Commodity prices may have taken a nosedive, at least for the time being, but industry happenings offshore Brazil give reason for the locals – and plenty of other folks – to pop open the bubbly.
The [PFItemLinkShortcode|id:272|type:standard|anchorText:top three field discoveries worldwide for 2008|cssClass:|title:’08 a Year of Ecstasies and Agonies|PFItemLinkShortcode] – Iara, Jupiter and Guara – are all located offshore southeastern Brazil in the Santos Basin in the vicinity of other intriguing E&P real estate, e.g., the Campos and Espirito Santo basins.
Santos is the locale of the much-publicized Tupi Field discovery announced in 2007 by Brazil’s state-owned Petrobras. Petrobras’ partners in the field include Britain’s BG Group and Portugal’s Galp Energy.
Tupi is estimated to harbor eight billion barrels of recoverable reserves and represents the largest find since the 13-billion-barrel Kashagan Field in Kazakhstan was discovered in 2000. Kashagan, in turn, was the largest field discovery since Prudhoe Bay in Alaska more than 30 years ago.
The Streak Continues
The Santos Basin is proving to be a motherlode of big fields, yet it will be a major challenge to comprehensively evaluate and ultimately produce the hydrocarbons.
This is a deepwater subsalt environment.
Tupi, for instance, was drilled in about 7,000 feet of water, and the field resides another 17,000 feet subsea under a massive salt sheet, which is known to wreak havoc with seismic imaging quality using traditional technology. Extreme pressures and temperatures can be daunting for the drillers.
The good news is that the subsalt crude is generally high quality, i.e., about 30 degrees API, as opposed to Brazil’s usually heavy oil, which averages about 21 degrees, according to AAPG member Bob Fryklund, vice president at Houston-based IHS Energy. The light oil needs less processing and therefore is less expensive to produce.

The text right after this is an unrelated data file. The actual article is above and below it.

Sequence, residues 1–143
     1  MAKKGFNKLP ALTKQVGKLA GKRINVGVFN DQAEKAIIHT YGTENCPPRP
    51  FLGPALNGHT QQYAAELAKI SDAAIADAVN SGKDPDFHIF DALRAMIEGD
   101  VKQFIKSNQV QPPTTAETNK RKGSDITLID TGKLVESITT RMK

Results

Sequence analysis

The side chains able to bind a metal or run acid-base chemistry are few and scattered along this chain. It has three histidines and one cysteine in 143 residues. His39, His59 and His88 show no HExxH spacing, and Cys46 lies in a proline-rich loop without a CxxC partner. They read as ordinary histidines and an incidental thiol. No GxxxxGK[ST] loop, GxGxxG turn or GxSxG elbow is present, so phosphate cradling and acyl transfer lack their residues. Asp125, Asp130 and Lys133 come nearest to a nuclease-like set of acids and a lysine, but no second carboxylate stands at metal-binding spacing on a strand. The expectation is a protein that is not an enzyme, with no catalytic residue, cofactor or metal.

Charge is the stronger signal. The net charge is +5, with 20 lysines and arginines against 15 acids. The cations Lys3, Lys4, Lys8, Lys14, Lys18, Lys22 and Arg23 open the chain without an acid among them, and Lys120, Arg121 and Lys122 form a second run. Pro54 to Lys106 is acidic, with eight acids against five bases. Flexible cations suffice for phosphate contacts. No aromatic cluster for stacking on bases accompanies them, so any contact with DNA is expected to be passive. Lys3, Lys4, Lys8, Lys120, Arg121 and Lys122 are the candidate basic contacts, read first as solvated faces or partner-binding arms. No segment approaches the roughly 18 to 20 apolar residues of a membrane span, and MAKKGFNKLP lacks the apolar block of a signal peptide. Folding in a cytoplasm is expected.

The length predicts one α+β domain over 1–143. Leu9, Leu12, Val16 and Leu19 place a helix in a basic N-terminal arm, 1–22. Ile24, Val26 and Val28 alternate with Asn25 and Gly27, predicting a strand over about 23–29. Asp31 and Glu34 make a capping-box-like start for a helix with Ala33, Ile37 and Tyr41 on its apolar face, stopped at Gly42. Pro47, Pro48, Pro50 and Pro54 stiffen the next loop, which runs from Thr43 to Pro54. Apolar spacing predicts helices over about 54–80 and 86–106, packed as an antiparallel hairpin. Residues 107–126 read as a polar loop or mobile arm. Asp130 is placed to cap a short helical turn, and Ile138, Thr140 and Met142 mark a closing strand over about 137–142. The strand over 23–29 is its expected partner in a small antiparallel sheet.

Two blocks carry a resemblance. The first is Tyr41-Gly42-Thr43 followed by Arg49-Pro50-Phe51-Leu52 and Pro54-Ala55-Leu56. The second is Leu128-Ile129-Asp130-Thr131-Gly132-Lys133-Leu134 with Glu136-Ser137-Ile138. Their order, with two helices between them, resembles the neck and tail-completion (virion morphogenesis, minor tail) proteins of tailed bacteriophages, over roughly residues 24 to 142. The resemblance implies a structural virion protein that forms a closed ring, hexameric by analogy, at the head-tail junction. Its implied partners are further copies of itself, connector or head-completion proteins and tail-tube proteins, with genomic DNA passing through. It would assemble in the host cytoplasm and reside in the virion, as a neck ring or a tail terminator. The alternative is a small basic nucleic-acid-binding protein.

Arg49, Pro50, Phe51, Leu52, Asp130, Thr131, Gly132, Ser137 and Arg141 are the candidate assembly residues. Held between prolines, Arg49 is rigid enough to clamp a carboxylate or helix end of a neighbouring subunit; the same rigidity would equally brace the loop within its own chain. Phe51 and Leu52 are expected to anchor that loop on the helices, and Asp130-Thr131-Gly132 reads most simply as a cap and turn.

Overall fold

The Iara discovery in August could hold between three and four billion barrels of oil and is on the same BM-S-11 block as Tupi. In fact, Iara is more than three times as big as anticipated, according to BG Group, which holds seven licenses with partners in the Santos Basin. All of the consortia include Petrobras.
Iara was the sixth consecutive drilling success in this deepwater sub-salt basin since the state-owned oil company and its partners began their drilling program in 2005, according to Petrobras.
The Jupiter well drilled by Petrobras east of Tupi in Block BM-S-24 confirmed the existence of a large natural gas and light-oil sub-salt field.
The Jupiter reservoir has a higher CO2 content than expected, according to Galp, which holds a 20 percent stake in the block. The company noted this gas will be re-injected to improve the recovery factor.
Regarding the size of Jupiter, Petrobras reported the structure’s dimensions could be similar to Tupi.
The Guara discovery well drilled by Petrobras with partners BG and Repsol in the BM-S-9 concession area is also set to figure prominently in extending the potential of this significant hydrocarbon province. The well is in the same block as the Carioca discovery that reportedly may contain as much as 33 MMbo. In fact, Guara and Carioca conceivably could be the same structure.